Definitions

from The American Heritage® Dictionary of the English Language, 4th Edition

  • intransitive v. To spend the summer, as at a special place.
  • intransitive v. Zoology To pass the summer in a dormant or torpid state.

from Wiktionary, Creative Commons Attribution/Share-Alike License

  • v. To go into stasis or torpor in the summer months.

from The Century Dictionary and Cyclopedia

  • To pass the summer, as in a given place or in a given manner.
  • In zoology, to pass into or remain in the summer sleep, as some mollusks; be dormant in summer.

from WordNet 3.0 Copyright 2006 by Princeton University. All rights reserved.

  • v. sleep during summer

Etymologies

Latin aestīvāre, aestīvāt-, from aestīvus, estival; see estival.
(American Heritage® Dictionary of the English Language, Fourth Edition)

Examples

  • They hibernate — they estivate and they hibernate — until the following January, when you will have forgotten what a pain it was to follow the show week after unrewarding week, and you'll be able to feel excited by the return of the boinging theme music, and the old panel of judges, who will file in wearily and act pained that they have to sit through it all again.

    I think I'm going to have to stop watching "American Idol."

  • I am going to put a layer of leaf mold and ice cubes in the basement and estivate.

    Summertime ...

  • I'll bet snails can estivate for a really long time, especially desert forms that only rarely encounter damp conditions.

    Why I am sceptical of Brenda's story

  • A few freshwater mussels are known to estivate for a few years-Wendel Haag had a Uniomerus on his desk from when he found it until he finished his dissertation.

    Why I am sceptical of Brenda's story

  • Other animals, such as lungfish and tortoises, burrow into the mud and estivate to survive.

    Mission Of Honor

  • At first it looked like a vast blue fort or Valhalla; but when they began to tuck the coarse meadow hay into the crevices, and this became covered with rime and icicles, it looked like a venerable moss-grown and hoary ruin, built of azure-tinted marble, the abode of Winter, that old man we see in the almanac — his shanty, as if he had a design to estivate with us.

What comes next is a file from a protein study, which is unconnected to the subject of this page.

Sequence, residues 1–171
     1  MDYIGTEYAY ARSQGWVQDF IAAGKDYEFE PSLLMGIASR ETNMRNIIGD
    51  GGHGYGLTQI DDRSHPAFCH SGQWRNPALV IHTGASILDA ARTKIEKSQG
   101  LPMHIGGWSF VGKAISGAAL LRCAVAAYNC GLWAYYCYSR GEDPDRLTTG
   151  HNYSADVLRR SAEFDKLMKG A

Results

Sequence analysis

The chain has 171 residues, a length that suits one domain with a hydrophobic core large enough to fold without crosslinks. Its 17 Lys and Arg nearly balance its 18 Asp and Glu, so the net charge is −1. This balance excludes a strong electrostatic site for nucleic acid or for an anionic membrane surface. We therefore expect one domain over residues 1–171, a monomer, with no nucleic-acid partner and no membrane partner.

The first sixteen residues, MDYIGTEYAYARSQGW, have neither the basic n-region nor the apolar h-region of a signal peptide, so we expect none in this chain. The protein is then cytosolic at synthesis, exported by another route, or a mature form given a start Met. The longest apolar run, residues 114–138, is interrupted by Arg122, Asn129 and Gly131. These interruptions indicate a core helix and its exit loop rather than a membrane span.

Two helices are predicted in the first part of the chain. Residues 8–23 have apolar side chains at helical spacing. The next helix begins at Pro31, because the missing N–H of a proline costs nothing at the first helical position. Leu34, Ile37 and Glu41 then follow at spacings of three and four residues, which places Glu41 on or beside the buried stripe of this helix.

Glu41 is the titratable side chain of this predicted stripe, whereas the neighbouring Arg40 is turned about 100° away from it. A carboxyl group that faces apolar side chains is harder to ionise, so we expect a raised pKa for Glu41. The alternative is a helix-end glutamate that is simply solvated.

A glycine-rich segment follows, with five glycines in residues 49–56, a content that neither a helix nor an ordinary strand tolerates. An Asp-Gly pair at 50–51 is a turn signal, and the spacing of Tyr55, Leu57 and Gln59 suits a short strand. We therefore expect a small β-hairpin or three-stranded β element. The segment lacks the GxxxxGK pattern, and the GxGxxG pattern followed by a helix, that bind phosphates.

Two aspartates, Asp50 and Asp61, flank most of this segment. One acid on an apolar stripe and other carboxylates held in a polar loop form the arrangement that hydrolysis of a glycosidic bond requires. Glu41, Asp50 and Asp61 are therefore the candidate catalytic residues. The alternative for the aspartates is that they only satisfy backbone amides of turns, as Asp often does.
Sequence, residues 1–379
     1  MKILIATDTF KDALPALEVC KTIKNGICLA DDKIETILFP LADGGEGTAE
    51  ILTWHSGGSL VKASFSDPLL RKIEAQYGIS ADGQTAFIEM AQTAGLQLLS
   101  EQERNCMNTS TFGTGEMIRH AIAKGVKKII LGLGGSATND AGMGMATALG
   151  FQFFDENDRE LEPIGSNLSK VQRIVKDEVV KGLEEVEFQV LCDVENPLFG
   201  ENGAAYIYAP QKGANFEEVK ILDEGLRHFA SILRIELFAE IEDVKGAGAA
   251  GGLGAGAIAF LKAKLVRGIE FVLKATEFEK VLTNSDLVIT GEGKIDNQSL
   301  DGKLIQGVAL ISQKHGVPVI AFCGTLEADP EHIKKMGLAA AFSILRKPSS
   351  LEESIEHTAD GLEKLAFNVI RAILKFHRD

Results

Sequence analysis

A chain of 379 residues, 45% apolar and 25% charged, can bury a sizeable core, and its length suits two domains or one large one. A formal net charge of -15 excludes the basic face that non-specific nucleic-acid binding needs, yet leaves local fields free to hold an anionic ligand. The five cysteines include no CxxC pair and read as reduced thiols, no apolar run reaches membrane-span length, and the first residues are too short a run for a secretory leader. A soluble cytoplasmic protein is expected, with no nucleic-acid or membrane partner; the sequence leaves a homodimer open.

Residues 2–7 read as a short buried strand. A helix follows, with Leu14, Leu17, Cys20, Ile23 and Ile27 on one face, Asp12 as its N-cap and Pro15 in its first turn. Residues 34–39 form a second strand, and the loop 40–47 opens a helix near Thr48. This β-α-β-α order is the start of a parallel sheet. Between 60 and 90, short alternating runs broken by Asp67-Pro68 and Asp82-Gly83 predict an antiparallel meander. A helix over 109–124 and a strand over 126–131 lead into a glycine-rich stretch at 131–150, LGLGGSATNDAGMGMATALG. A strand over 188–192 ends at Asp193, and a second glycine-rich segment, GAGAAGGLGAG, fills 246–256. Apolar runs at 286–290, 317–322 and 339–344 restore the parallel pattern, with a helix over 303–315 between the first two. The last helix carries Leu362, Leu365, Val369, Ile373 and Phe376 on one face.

Walden~ Chapter 16 (historical)

  • At first it looked like a vast blue fort or Valhalla; but when they began to tuck the coarse meadow hay into the crevices, and this became covered with rime and icicles, it looked like a venerable moss-grown and hoary ruin, built of azure-tinted marble, the abode of Winter, that old man we see in the almanac, -- his shanty, as if he had a design to estivate with us.

    Walden, or Life in the woods

  • I did not see any live Albinaria, which estivate on rock surfaces and are, therefore, easy to spot.

    SNAIL'S TALES

  • They do not know whether to run, estivate, or start digging. "

    Dirge

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  • "Galápagos giant tortoises crop the lawn. Burmese stars, Egyptians, Chacos form Argentina, all snooze, munch, estivate under leaf cover, bask, and breed, sometimes noisily, with males groaning and shells clattering."
    "Slow and Steady" by William Finnegan, p 59 of the January 23, 2012 issue of the New Yorker

    February 14, 2012

  • "I suppose I passed my youth in the amateur fashion common to certain youths born to a gracious life, to the luxury, calm, and voluptuousness of my generation—never mind which precisely—of European bourgeoisie who estivated on the North Sea or Atlantic coast rather than the Mediterranean or by placid Alpine lakes rather than along the lagoons and grand hotels of Venice."
    -Tintin in the New World by Frederic Tuten, p 135

    July 10, 2008